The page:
So here’s a quick overview of some of the things you should think about. (btw – this isn’t a post about the subtleties of how to use combinations of multimedia. Have a look at Mayer’s work if you’re interested in this).

Why base your project on v/o?

Firstly, it’s easy. We tend to think in terms of a flow of spoken words, so producing a v/o script, particularly when working with clients, can come naturally. And as users’ attention spans gets shorter and shorter, a voice can draw them in effectively, hold their attention and, through setting an appropriate emotional tone, provide a depth and sophistication to the story and the overall experience.

Why no v/o?

Clients often shy away from v/o because of perceived cost, and this is certainly an issue. But just occasionally, having v/o makes the design process a bit easier and you can actually cut your budget, in spite of the extra costs of the v/o artist and the recording. Where costs often do spiral though is in selecting and managing your artists. I’ve had clients spend weeks select the wrong person who then takes a day to record what was supposed to take an hour.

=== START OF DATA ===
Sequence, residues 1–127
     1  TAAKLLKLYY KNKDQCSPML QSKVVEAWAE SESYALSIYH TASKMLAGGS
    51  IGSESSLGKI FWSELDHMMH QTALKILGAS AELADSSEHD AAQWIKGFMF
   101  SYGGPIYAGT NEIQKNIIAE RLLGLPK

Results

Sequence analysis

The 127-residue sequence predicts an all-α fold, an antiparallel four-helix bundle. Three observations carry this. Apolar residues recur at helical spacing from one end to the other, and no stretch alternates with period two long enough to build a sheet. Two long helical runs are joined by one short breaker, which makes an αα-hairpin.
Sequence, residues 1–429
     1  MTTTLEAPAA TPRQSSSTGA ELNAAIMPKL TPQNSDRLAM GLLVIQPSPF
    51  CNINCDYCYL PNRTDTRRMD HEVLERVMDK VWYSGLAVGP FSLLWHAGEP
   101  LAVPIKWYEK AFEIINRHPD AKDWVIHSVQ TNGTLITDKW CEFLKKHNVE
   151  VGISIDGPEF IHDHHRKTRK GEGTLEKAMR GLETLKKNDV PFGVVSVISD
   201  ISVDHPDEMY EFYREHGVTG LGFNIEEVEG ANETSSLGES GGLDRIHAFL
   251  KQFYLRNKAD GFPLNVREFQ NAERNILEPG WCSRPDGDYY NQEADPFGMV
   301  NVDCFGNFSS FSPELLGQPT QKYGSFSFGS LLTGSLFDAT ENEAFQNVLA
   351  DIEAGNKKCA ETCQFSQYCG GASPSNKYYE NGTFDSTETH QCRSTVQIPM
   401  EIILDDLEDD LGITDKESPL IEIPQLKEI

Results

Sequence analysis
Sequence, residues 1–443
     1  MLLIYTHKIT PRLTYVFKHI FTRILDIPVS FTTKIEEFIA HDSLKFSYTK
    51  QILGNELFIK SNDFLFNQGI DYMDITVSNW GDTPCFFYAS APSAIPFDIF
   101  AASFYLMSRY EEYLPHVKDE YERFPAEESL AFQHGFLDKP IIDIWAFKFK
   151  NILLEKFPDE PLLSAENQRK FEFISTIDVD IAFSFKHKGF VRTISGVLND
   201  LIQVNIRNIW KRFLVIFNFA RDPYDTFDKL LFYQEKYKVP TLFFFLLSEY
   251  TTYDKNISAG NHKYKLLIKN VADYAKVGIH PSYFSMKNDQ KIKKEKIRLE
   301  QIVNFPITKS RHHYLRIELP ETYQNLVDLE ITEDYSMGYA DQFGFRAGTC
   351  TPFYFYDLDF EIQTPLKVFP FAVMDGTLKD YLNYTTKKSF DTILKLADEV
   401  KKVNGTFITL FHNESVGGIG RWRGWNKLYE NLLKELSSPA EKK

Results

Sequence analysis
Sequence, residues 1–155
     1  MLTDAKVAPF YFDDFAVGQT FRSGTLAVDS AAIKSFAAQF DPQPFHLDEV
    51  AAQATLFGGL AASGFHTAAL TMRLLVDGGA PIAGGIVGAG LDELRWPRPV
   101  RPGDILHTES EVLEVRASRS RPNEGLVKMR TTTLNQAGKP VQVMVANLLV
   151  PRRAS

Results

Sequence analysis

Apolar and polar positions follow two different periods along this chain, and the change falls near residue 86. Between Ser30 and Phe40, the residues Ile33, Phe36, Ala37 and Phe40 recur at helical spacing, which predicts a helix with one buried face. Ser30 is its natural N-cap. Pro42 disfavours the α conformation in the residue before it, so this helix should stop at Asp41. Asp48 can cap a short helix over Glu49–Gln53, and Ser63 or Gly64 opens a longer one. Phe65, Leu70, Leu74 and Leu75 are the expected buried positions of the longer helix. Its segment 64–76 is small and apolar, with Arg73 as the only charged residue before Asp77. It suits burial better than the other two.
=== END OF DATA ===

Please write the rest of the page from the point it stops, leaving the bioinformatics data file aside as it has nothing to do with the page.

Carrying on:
Then there’s a bunch of more technical issues around noise (do your users have adequate speakers and can they play the infographic at work?) and accessibility (will those with hearing problems be able to use your infographic?). This kind of thing means you might have to use text on screen anyway.

Why base your project around text?

Text only animations can be more flexible and allow the designer more scope for creative exploration. Have a look at this animation (for Motherpipe) as an example. It starts with a bold statement: “the internet is free”, but then adds “people think…” which changes the meaning completely. In this animation (for Planet First) the text “green jobs” highlights the subject, then is “bumped” across the screen to become the sentence “more and more people want green jobs”. It’s simple but effective, and a v/o couldn’t do it. And of course not having a v/o means that sound effects and music can have more impact and are easier to manage.

Why not base your project around text?

Although designing a text-based animation can be more creative, it can also take a long time to build in the subtlety. Then once it’s done, apparently minor changes can have unexpected knock-on effects. In fact clients often assume that as there’s no v/o, it’s actually easier to make changes. So a simple change from something like “This works” to “We know this works well” can break a design concept, unbalance the screen and add substantial design and development time.

Our opinion? I think we’re marginally in favour of test only animations, but as in all things, we’re driven by the needs of our clients and their target audience.

Animated infographics are only really for thick people: discuss

When an academic friend of mine saw one of our animations recently (this one), he said “Yes. Very nice. But animations like that…they’re just for thick people; people who can’t read properly, study, absorb complex information…”.